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Becoming a Financial Planner in North Carolina

In 2010 Moody’s economic analytics showed that job growth in North Carolina would be faster than the U.S. average in the years to follow. Job growth projections for North Carolina were at 1.3 percent, while nationwide, projected job growth was 0.9 percent. There’s been a consensus among certain economic analysts who believe North Carolina to be one of the states that will lead the country out of the recession. Strong job growth in North Carolina has helped to increase the availability of personal income able to be used to establish investment accounts, retirement plans, and college savings plans.

According to a 2009 report by Phoenix Marketing International, approximately 3.65 percent of North Carolina households had a net worth of $1 million or more. These high net worth families are much more apt to work with personal financial planners familiar with wealth management, tax planning, and investment strategies.

According to U.S. Census Bureau figures, in 1995 12.5 percent of North Carolina’s population was age 65 and older. By 2025, this percentage is expected to grow to 21.4 percent, ranking the state as eleventh in terms of highest proportion of residents age 65 and over as compared to the rest of the U.S. The rapid growth of North Carolina’s senior population means more residents are planning for retirement and in need of the services provided by financial planners experienced in this arena.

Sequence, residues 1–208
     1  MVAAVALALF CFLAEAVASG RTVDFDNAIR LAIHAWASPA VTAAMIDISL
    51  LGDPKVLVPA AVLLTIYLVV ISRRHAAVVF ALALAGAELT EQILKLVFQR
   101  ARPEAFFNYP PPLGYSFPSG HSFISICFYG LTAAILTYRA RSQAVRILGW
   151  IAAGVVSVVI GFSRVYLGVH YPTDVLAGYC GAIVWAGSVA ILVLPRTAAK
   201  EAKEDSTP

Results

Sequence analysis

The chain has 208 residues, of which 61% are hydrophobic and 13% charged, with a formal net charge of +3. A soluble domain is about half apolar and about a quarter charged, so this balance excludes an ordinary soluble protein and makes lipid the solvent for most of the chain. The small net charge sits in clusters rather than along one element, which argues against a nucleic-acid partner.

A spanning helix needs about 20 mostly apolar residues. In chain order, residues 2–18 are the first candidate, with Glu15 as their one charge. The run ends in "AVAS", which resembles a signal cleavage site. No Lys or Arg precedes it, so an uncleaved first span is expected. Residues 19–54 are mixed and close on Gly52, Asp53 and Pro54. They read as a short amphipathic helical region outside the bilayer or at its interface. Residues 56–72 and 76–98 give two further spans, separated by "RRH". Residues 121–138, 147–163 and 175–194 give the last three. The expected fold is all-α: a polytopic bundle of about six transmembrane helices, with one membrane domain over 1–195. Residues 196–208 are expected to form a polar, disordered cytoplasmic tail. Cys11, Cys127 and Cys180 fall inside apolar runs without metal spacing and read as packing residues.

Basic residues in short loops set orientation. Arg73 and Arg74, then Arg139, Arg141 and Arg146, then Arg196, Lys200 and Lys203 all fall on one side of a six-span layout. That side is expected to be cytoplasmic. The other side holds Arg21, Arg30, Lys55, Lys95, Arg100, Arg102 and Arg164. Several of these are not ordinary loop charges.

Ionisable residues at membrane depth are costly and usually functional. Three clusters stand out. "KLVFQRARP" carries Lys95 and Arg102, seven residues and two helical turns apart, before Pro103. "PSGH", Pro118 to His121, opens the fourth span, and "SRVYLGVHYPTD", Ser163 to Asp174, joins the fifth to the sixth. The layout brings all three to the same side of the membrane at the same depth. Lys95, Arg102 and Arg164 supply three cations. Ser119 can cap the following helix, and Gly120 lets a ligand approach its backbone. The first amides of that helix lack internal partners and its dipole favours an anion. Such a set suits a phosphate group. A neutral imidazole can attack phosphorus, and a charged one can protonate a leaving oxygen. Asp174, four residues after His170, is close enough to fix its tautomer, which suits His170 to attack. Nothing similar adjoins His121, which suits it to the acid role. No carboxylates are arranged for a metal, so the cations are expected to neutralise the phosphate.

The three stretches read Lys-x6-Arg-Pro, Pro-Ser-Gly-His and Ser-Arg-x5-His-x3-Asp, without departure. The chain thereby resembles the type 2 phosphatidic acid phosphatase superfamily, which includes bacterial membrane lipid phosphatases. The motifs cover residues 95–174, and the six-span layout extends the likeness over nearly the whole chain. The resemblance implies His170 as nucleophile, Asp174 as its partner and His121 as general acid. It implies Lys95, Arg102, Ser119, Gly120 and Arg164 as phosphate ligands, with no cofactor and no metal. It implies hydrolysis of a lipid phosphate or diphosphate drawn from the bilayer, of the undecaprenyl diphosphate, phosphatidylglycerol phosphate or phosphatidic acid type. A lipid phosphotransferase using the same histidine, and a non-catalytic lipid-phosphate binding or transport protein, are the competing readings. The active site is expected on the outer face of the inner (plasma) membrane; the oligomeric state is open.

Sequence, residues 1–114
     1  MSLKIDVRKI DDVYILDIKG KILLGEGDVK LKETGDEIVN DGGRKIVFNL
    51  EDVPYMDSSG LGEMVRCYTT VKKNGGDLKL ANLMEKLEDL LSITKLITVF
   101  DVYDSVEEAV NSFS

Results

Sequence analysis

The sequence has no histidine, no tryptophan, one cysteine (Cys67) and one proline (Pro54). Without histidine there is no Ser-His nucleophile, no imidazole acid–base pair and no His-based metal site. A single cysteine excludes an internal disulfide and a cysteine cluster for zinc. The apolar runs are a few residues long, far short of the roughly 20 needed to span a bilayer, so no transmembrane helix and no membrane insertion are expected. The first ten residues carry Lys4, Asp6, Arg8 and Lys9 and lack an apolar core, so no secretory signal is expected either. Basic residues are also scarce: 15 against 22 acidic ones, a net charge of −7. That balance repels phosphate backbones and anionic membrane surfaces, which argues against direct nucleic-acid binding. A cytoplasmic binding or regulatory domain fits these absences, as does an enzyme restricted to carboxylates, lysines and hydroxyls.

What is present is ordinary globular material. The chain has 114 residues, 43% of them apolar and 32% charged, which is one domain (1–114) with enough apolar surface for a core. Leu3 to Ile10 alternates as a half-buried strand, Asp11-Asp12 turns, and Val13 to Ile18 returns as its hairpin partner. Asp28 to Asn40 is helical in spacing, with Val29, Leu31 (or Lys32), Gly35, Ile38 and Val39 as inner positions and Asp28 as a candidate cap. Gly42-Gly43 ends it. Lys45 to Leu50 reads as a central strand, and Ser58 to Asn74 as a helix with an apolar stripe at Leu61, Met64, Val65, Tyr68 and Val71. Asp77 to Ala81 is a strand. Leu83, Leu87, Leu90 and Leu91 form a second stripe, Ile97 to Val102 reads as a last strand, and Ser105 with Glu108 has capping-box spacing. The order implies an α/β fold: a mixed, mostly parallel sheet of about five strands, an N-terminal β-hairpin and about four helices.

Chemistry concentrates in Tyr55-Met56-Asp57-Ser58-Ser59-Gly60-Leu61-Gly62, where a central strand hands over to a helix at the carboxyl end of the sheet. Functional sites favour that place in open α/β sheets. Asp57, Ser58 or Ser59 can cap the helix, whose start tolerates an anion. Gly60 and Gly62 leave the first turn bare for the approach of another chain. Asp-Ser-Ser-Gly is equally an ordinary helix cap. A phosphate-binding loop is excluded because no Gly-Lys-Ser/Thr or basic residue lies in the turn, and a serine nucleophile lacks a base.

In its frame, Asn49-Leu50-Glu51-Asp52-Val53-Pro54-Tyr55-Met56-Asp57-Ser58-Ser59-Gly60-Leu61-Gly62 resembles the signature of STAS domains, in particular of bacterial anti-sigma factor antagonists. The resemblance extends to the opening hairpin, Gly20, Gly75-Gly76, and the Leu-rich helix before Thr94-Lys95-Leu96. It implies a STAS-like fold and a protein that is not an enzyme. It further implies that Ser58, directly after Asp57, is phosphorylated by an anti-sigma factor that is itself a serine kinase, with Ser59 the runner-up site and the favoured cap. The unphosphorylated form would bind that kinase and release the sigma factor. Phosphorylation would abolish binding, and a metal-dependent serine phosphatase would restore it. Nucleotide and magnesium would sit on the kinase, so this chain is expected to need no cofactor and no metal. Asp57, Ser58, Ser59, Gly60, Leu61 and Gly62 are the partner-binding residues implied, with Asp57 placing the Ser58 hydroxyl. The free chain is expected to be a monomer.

A 2008 report published by the college education advocacy group, Lumina Foundation, which maintains statistics specific to college enrollment and graduation rates across the U.S., showed that approximately 37 percent of North Carolina’s adults hold some type of college degree. This figure is on par with the national average of 38 percent. If the degree attainment rate of state residents continues at the same pace as it did between 2000 and 2008, approximately 47.5 percent of North Carolina’s adults will have a degree by 2025. Those interested in becoming financial planners are expected to be busy helping North Carolina families establish college saving plans that account for the increasing cost of tuition.

How to Obtain an Investment Adviser Representative License in North Carolina

The North Carolina Secretary of State’s Securities Division is responsible for licensing and registering investment adviser representatives (IAR) in the state. Anyone in the state who wishes to advise residents on securities investments must be registered with the Securities Division through the Financial Industry Regulatory Authority’s (FINRA’s) IARD (Investment Advisor Registration Depository) system. All prospective IARs must pass the North American Securities Administrators Association’s (NASAA’s) Series 65 examination; or the Series 7 examination in combination with the Series 66 Examination.